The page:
Sometimes we want a quick dinner without too much fuss. Here it is. Put the rice cooker on, cut up the cauliflower, and dinner is ready in a trice.
The cauliflower is sautéed with seasoning until tender, and then spiced just with garam masala and chilli. You don’t need to grind spices or make spice pastes. This is a simple curry. My friend Priti shared her recipe with me after preparing it for lunch one day.
Are you looking for similar recipes? Try Aloo Gobi, Cauliflower Pilaf and Cauliflower and Broken Wheat Kitchari.
Browse all of our Cauliflower recipes, and all of our Indian dishes. Our Indian Essentials are here. Or take some time to explore our Early Winter recipes.
Continue reading “Simple Cauliflower Curry | Phool Gobi Curry”
Bhurji are pan-fried Indian vegetable dishes that are not quite dry, but not really wet dishes. They are dry yet damp dishes. The best known Bhurji is made with eggs and is somewhat like scrambled eggs. But we don’t cook with eggs, so the Bhurji that we make are pure vegetarian. They are similar to the Thoran of Kerala and Poriyal of Tamil Nadu. Bhurji is an Andhra dish.
This one is made with greens and sweetcorn, with spices. Spinach and Sweetcorn is a loved combination in India – the sweetness of the corn playing nicely with the spices against the slight bitterness of the spinach. This dish can be served as it is, a perfect side dish to a meal. Or serve it with cumin rice or some roti for a snack. It is also very very good as a filling for Toasties – Indian style toasted sandwiches. Use it as a filling with some cheese and perhaps sliced tomato.
Are you after similar recipes? Try Sweetcorn Sundal, Spinach Thoran, Cabbage Thoran, and Spinach Poriyal. You might also like Baby Sweetcorn and Green Bean Soup.
Browse all of our Thorans and Poriyals. Try our Spinach dishes and our Sweetcorn recipes. Our Indian recipes are here and our Indian Essentials here. Or explore our Late Winter dishes.
Continue reading “Sweetcorn and Spinach Bhurji | Corn and Spinach Stirfry”
Some time ago, one of my social media connections, dee, suggested that I cook okra with mustard oil. This is her recipe. We were discussing mustard oil and okra – there is such a natural affinity. When we are drying okra, for example, we mix the okra halves with mustard oil and spices before drying.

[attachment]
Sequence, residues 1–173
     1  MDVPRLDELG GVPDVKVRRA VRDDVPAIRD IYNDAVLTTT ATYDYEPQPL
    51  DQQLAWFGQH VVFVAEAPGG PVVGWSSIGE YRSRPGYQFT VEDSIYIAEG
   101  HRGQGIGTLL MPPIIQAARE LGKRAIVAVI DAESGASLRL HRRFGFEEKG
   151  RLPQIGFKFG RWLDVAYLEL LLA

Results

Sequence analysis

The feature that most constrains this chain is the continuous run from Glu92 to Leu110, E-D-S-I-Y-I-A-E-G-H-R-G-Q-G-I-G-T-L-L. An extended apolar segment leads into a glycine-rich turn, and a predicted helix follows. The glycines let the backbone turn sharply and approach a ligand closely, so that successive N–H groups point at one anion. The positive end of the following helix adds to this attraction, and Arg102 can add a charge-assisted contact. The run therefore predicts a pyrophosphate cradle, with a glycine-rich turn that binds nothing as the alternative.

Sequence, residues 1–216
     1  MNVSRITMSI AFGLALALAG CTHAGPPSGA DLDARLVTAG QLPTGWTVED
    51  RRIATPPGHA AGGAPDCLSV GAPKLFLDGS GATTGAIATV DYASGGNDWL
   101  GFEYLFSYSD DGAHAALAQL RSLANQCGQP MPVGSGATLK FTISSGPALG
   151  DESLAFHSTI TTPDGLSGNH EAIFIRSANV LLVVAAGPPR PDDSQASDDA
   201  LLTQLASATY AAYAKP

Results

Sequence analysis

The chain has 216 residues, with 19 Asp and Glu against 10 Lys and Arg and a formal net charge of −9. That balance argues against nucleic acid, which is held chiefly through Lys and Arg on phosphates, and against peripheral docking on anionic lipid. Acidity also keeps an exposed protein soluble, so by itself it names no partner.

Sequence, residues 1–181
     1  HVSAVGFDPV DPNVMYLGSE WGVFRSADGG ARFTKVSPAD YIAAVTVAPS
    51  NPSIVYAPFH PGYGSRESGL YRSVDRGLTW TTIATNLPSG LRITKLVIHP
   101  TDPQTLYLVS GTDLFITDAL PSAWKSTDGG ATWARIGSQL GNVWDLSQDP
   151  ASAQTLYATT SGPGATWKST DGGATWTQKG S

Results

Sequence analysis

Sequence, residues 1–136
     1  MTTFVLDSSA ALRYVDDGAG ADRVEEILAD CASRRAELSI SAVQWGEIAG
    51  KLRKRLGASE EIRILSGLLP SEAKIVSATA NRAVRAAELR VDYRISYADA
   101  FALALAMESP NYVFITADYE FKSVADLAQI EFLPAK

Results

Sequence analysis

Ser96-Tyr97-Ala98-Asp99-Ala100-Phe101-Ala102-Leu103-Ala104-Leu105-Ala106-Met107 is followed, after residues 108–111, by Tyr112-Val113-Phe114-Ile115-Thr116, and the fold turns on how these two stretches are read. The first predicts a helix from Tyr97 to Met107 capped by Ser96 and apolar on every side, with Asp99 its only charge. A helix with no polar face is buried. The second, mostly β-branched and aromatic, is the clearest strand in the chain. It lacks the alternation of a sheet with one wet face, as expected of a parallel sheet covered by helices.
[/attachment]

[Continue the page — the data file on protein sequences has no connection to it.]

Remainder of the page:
You’ll love this recipe – simple, quick, easy and deliciously flavoured.
Are you looking for other Okra recipes? Try Okra with Onions Subzi, Pickled Okra, Sri Lankan Okra Curry, and Spicy Stuffed Fried Okra.
Or browse all of our Okra recipes. All of our Indian dishes are here and our Indian Essentials here. If you are looking for snacks, they are all here. Or simply explore our Mid Autumn recipes.
Continue reading “Okra with Mustard Oil | Okra Fry”
This is an Andhra style dish, a poriyal that is deliciously sesame flavoured using powdered sesame seeds (Nuvala Podi). The dish is also called Bendaikaya Nuvvala Podi, and Lady Fingers Fry. You may also see it under different names.
Firstly, the Sesame Seed Podi is made by toasting and powdering sesame seeds with spices. Then the okra is fried with more spices and optionally onions, and finally the sesame podi is added to the dish. It is served hot as a side dish. It goes well with sambar, rasam and dal. It is also good as a tiffin brunch or lunch.
Are you after Okra recipes? Try Okra in Tamarind with Prunes and Apricots, Rustic Greek Okra with Tomatoes, Kukuri Bhindi (Crispy Fried Okra), Sri Lankan Okra Curry, and Okra with Onions Subzi.
Or you can browse all of the Okra dishes here, or all of the recipes from Andhra Pradesh. All of our Indian recipes are here. Or simply take some time to browse all of our Mid Autumn dishes.
Continue reading “Stir Fried Okra with Sesame Seed | Okra Fry with Sesame | Vendakkai Nuvala Podi”
Okra, or Ladyfingers, are best when cooked fresh. They can be stuffed with a tangy masala, deepfried to crisp (great with peanuts), made into raita, cooked in coconut milk or a spicy gravy, or batter-fried as pakoras. They are even great when dried and served with spices as a snack.
Okra pairs well with sour tastes – for example, lemon juice or amchur (dry mango powder). Always buy young, bright green, crisp pods free of bruises, tender but not soft, and definitely not if they are wilting. There are a range of varieties – long and thin, short and fat, even red and orange varieties.
Kurkuri means crisp and Bhindi (or Bindi) is Okra. This recipe is very common in parts of North India, especially in Rajasthan from Jaipur to Udaipur and beyond. They are definitely a great snack served with drinks, and are also served as an accompaniment to rice and curries. The spices used with the okra are varied – here we have used chilli powder, cumin, chaat masala and amchur – but more complex, or simpler combinations can be used.
The okra can be cooked on its own, as we do here. But you can also tart them up somewhat by including slivers of onion (yum), ginger (tangy) and red peppers.
Are you interested in Okra recipes? Read more about Okra here. And try Slightly Charred Okra with Chilli, Garlic and Thyme, Stir Fried Okra with Sesame Seed, Ladyfingers Recheio, Avial, and Whole Fried Okra.
Or are you looking for Rajasthani recipes? Try Urad Tomatar Dal. We have more recipes planned, so check here for more.